1981 5.64, (Frank Maloney’s last team was 5.73) 1982 7.90, 1983 6.82, 1984 5.18, 1985 4.25, 1986 7.18, 1987 2.64.
2005 8.09, Paul Pasqualoni’s last team was 6.42), 2006 7.08, 2007 9.50, 2008 9.36, 2009 8.18, 2010 7.18. That’s very far from a breakthrough year. As a matter of fact, it’s tied for the 11th worst team in Syracuse history with 1986 with that 7.18 rating. Of course we went 11-0 the next year. But 1987 was the product of several years of building the program up. I don’t think we are there yet.

I think the 2010 team was probably more like the 1952 or 1984 teams and that we are a similar distance from the real breakthrough that will make us a consistently good football school again. It was also closer to the 4-8 team of 2009 than people realize. The 2009 team basically threw away the Minnesota and Louisville games with bad snaps on Marrone’s first play from scrimmage and on an extra point. That could have been a 6-6 team. Last year’s team won 13-9, 19-14 and 13-10 road games to go 7-5 and then won the bowl game in part because of a controversial call at the end of the game. If those games had gone the other way, we would not think the rebuilding program was so far along.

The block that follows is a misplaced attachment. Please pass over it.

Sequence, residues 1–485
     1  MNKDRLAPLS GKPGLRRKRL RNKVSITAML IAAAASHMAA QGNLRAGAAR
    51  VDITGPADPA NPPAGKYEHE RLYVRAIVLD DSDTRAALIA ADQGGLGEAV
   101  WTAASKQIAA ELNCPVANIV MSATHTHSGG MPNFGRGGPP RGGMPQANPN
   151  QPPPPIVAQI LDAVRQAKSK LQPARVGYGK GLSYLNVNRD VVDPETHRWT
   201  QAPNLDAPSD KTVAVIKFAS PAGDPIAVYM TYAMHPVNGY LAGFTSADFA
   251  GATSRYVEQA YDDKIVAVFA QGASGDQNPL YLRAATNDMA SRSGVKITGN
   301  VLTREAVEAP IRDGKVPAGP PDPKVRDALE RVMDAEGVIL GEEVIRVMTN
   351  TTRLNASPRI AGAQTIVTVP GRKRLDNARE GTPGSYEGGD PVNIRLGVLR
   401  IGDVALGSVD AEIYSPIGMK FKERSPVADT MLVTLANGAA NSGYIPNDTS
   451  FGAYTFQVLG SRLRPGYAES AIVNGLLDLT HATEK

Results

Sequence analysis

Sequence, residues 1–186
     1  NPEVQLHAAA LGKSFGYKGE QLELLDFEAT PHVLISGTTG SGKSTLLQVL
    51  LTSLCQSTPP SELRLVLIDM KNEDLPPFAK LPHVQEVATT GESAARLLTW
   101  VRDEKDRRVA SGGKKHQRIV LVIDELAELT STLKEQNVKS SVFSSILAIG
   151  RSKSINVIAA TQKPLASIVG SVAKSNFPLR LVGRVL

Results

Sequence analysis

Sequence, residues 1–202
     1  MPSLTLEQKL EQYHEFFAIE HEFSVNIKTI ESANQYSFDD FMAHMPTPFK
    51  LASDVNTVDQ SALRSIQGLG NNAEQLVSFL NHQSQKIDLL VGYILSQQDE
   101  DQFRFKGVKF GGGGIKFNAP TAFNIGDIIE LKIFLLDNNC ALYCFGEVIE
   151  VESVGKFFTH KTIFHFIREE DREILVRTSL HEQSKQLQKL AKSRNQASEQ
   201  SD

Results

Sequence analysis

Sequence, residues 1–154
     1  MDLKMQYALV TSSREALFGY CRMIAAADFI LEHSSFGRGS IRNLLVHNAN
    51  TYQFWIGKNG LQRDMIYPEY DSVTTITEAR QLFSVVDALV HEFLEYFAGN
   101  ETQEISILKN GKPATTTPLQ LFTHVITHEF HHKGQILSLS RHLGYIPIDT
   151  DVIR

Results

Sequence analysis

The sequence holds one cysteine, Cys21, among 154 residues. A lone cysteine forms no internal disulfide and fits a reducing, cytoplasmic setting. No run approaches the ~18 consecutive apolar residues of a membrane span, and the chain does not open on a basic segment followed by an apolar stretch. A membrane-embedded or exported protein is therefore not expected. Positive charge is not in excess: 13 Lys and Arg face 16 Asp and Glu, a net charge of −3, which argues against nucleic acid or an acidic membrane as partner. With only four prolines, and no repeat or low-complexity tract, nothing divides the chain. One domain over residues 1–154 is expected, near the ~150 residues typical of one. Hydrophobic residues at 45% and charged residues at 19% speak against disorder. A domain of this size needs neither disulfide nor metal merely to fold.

People like to think, “Hey! We went 4-8 in Doug’s first year and 8-5 in his second year. We’ll go 10-3 this year and who, knows, maybe 12-0 next year!” I just don’t see it. I think at best the big breakthrough where we will be good every year will come in the middle or latter half of his decade. Doug began his tenure 60 years after Ben did. His seventh year will be 2015, his eighth 2016. At best, Doug is now recruiting the players that will be part of the real breakthrough. For the time being, we will likely hover around .500 as Ben and Mac did, alternating encouraging games and stretches with discouraging ones. Sports is all about hope and SU fans need to remain hopeful but also realistic, lest their optimism turn into rebellion and ruin the process.

(I'm having trouble putting the rest of the report in "replies" so I'll make them separate posts)
Nice read. The only thing that would lead me to believe that Syracuse might break through sooner than expected is the relative weakness of the conference as a whole.
I don't think the BE is weak, it just doesn't have the top notch teams that everyone respects.
I'll try this again. This site- or somehting- seemed to go crazy when I tried to add to this a half hour ago. I'll continue in a separate post